This article asks how the dialogue surrounding greater municipal autonomy intersects with Aboriginal rights and title, recognized under section 35 of the Constitution Act, 1982 (Constitution), with a particular focus on Toronto. The first part of this article sets out the ways in which Toronto sought empowerment following the Better Local Government Act or Bill 5, including judicial consideration of the constitutional role of Canadian municipalities, the legislative advances made by provincial governments, and the yet-implemented possibilities of protection through a little-used mechanism within the Constitution. Part II analyzes the obligations of municipalities in respect of Indigenous Peoples and communities with or without increased authority. I explain the ways in which municipal governments are introducing legal reforms to improve Indigenous-municipal relationships, the increasing expectations of municipal consultation with First Nations, and the direction of Canadian jurisprudence. In the final part of the article, I argue that any municipalities seeking protection or asserting a role as a democratic government within the Canadian federal landscape must understand their obligations to Indigenous communities.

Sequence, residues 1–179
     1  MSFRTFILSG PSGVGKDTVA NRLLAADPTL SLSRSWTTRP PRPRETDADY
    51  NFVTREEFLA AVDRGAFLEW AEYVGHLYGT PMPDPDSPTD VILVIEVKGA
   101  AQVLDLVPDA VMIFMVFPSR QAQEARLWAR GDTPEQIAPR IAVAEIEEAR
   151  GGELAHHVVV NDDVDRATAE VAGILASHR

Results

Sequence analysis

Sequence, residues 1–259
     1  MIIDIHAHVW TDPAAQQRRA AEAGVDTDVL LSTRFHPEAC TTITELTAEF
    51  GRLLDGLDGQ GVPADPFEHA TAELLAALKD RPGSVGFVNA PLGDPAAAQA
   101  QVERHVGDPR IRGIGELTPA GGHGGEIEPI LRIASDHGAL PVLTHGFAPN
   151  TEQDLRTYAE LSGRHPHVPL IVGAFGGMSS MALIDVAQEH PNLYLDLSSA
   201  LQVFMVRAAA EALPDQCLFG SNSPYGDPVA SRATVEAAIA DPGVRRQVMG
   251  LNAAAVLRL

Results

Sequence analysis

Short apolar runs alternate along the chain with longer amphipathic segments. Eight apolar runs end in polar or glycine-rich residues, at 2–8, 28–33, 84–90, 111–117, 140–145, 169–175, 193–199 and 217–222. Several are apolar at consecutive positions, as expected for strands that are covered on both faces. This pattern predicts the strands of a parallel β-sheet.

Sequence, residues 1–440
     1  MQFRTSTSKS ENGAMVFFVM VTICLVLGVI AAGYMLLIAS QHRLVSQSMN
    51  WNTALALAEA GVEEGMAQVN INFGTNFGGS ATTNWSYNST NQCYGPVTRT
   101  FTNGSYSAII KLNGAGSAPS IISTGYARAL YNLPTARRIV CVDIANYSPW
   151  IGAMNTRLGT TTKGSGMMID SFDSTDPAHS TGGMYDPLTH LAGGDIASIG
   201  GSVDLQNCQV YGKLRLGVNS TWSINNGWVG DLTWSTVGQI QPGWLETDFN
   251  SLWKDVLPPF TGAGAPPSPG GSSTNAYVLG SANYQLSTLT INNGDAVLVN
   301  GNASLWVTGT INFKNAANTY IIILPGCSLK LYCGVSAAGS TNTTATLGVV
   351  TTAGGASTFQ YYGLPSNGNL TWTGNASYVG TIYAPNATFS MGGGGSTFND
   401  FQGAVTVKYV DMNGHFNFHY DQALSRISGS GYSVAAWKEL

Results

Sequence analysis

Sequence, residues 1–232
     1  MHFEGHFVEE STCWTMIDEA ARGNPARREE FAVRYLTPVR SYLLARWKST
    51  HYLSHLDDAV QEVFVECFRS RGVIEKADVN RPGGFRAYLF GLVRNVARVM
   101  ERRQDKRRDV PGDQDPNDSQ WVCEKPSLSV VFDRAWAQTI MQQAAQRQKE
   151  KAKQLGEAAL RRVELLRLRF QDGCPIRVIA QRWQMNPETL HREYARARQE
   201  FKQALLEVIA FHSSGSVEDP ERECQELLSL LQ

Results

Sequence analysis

"With Great(er) Power Comes Great(er) Responsibility: Indigenous Rights and Municipal Autonomy."
Journal of Law and Social Policy